The foreign exchange market is open 24/7 and currency pairs are the perfect fit for day traders who enjoy their high volatility, liquidity and respectfully low capital requirements. But the right forex pairs must be selected in order to meet the conditions of day trading outlined. Day traders should pick currency pairs they are knowledgeable about and that fit with their selected day trading strategies.
CFDs that mirror indices are some of the most liquid and high-volume instruments on offer in the financial markets. Popular indices such as the NASDAQ 100, Dow Jones Industrial Average and FTSE 100 are all traded amongst day traders.
CFDs on commodities that offer high liquidity, like crude oil and gold, present many opportunities for day traders. They have the added advantage of offering diversification to more traditional assets like index CFDs.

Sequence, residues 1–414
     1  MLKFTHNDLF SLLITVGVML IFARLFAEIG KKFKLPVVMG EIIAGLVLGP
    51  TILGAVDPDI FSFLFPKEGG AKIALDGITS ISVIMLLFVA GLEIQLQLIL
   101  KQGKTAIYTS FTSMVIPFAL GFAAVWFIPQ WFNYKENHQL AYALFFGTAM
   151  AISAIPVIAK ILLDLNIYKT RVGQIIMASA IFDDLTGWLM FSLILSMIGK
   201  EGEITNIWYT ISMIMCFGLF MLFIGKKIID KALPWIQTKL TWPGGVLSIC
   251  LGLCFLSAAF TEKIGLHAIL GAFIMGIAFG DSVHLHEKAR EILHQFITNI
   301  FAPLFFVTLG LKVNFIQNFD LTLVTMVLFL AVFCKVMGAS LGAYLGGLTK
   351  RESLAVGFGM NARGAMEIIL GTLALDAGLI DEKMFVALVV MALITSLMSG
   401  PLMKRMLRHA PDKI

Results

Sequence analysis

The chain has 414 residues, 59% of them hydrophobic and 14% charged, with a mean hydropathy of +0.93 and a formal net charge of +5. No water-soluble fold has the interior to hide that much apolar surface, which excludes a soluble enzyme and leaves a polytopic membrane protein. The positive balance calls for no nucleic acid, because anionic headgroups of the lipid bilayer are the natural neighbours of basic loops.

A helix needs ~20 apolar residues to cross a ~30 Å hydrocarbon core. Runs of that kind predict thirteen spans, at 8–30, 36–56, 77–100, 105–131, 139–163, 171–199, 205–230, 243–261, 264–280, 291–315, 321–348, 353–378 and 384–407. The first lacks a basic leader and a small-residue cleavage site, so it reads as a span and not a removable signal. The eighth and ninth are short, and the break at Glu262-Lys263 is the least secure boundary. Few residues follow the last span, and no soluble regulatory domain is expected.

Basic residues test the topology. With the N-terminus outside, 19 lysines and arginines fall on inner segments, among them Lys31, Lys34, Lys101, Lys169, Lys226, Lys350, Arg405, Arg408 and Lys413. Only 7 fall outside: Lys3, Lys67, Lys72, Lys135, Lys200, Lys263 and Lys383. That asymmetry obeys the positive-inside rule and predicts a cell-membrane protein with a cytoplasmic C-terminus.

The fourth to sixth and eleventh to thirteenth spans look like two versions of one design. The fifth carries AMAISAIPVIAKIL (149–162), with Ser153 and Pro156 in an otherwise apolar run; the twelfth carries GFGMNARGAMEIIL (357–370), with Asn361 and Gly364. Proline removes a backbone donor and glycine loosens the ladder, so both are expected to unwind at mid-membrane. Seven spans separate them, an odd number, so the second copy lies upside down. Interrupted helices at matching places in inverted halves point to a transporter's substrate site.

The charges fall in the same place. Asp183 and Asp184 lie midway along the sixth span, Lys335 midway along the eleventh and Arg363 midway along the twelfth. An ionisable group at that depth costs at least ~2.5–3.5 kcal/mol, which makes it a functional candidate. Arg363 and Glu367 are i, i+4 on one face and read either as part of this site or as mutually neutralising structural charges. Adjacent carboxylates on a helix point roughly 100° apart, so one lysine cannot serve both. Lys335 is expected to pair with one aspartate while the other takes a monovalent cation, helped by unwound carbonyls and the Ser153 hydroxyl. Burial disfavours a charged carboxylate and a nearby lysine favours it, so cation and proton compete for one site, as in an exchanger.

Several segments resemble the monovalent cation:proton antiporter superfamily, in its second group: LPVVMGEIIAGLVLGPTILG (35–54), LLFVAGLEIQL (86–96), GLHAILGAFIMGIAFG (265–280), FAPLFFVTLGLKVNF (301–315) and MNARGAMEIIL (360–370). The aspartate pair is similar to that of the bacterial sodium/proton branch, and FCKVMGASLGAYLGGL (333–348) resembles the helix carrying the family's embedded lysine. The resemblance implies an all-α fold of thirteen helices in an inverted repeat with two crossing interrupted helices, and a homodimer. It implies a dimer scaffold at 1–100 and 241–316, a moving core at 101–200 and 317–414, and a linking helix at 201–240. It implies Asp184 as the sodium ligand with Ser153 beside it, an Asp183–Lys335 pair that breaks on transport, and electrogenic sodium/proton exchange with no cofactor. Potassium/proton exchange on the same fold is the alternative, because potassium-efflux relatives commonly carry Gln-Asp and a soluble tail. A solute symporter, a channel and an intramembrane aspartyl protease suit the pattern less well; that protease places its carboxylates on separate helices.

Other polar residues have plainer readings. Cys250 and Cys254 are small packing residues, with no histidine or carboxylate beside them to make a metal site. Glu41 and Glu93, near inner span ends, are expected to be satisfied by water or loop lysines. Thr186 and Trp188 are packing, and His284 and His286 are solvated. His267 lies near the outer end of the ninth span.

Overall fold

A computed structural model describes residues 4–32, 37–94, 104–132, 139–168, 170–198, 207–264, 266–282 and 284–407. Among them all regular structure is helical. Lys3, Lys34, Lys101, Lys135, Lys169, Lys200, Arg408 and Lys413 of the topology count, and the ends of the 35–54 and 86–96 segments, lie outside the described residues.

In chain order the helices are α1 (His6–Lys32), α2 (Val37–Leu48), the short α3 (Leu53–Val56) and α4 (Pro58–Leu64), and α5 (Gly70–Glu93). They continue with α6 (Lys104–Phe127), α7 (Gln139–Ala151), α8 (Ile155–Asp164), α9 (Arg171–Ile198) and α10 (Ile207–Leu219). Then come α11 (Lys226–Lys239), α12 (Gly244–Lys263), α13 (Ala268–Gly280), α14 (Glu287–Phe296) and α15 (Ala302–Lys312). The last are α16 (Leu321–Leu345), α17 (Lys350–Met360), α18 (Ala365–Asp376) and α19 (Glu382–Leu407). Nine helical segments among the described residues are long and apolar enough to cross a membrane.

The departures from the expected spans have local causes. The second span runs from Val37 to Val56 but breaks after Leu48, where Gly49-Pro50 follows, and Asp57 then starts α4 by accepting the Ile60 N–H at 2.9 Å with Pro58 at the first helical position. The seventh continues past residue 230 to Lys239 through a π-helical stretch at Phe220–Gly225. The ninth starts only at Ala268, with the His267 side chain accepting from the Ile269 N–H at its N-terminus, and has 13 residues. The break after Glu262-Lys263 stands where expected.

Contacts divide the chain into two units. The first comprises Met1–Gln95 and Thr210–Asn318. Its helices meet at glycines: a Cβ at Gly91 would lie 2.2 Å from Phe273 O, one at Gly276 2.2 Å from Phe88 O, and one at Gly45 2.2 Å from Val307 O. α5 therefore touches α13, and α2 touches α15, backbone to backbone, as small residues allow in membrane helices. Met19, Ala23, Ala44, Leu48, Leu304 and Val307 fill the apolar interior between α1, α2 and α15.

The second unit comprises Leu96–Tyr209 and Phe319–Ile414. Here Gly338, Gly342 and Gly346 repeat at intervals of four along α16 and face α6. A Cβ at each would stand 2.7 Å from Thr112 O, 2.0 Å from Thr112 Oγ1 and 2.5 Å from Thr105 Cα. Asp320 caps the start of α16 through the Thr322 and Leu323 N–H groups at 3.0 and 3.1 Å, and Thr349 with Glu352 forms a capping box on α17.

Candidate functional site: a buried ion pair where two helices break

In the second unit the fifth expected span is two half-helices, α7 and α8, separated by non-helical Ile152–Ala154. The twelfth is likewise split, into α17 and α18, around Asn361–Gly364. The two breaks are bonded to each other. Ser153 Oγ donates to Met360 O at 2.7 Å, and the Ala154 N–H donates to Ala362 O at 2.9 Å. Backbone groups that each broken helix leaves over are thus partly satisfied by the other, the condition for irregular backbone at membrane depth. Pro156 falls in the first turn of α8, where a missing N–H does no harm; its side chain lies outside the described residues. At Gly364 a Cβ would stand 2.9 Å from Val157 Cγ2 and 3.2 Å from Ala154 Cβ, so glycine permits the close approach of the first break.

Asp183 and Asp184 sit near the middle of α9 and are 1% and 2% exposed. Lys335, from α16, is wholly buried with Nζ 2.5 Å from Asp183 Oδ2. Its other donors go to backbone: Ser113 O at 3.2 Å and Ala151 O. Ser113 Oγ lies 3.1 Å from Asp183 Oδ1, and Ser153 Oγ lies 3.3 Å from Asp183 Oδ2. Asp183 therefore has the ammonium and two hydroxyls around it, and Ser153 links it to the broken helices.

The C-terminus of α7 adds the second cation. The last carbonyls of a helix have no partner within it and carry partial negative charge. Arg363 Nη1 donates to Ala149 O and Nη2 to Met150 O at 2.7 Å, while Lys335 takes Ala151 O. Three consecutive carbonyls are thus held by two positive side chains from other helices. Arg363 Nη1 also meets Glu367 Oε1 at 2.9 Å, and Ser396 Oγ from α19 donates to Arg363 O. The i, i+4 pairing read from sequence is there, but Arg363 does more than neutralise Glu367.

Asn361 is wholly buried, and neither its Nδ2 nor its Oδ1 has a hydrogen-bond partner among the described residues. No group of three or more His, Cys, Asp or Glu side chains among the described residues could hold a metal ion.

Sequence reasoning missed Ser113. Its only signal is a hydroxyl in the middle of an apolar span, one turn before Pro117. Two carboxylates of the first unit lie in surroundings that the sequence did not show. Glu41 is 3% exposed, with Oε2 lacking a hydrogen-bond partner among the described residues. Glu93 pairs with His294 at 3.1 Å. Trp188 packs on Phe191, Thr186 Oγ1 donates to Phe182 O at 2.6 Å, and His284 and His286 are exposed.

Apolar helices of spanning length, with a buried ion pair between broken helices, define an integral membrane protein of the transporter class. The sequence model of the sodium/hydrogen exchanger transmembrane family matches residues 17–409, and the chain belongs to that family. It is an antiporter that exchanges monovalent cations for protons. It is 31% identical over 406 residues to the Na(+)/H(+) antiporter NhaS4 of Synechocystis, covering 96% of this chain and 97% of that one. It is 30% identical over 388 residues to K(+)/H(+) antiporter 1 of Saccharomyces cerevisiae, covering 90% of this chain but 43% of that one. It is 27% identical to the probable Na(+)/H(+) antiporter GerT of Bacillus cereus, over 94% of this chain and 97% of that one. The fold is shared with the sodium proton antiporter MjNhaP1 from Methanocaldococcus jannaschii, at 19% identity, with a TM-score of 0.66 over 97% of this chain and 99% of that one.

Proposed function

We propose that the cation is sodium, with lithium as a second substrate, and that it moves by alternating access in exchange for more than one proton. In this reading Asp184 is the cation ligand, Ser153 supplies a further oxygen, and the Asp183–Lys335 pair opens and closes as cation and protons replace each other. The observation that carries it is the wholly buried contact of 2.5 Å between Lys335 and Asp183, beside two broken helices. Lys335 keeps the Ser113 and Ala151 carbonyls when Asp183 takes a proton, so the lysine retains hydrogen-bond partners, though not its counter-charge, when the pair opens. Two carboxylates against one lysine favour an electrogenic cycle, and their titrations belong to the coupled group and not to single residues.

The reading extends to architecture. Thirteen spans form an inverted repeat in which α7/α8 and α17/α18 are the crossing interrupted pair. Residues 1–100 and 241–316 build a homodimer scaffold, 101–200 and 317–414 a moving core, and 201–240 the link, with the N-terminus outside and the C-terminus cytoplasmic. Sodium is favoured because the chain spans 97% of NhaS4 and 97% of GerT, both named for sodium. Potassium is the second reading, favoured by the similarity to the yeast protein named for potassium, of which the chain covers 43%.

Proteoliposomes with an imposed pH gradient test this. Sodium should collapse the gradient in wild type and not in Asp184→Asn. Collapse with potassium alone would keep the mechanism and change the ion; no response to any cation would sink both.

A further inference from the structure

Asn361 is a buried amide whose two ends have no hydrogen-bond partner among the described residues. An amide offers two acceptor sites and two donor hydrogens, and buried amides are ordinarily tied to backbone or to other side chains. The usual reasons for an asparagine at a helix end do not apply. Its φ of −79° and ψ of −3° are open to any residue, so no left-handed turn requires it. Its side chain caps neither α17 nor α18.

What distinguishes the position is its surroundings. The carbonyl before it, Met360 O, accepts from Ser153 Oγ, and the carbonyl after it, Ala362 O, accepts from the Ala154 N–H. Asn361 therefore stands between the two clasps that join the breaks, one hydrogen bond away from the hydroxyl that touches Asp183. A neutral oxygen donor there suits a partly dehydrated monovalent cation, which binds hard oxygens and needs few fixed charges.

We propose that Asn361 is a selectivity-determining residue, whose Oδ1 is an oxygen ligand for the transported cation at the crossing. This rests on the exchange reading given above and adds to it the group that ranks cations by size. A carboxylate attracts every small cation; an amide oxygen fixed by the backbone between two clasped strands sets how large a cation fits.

Cryptocurrencies are extremely volatile. Trading a derivative like a CFD on a cryptocurrency allows for high liquidity, meaning a day trader can enter the market at any point. However, cryptocurrencies have the tendency to be more volatile than traditional asset classes, so a trader must ensure they are utilising effective risk management techniques including, but not by any means limited to, stop losses and limit orders.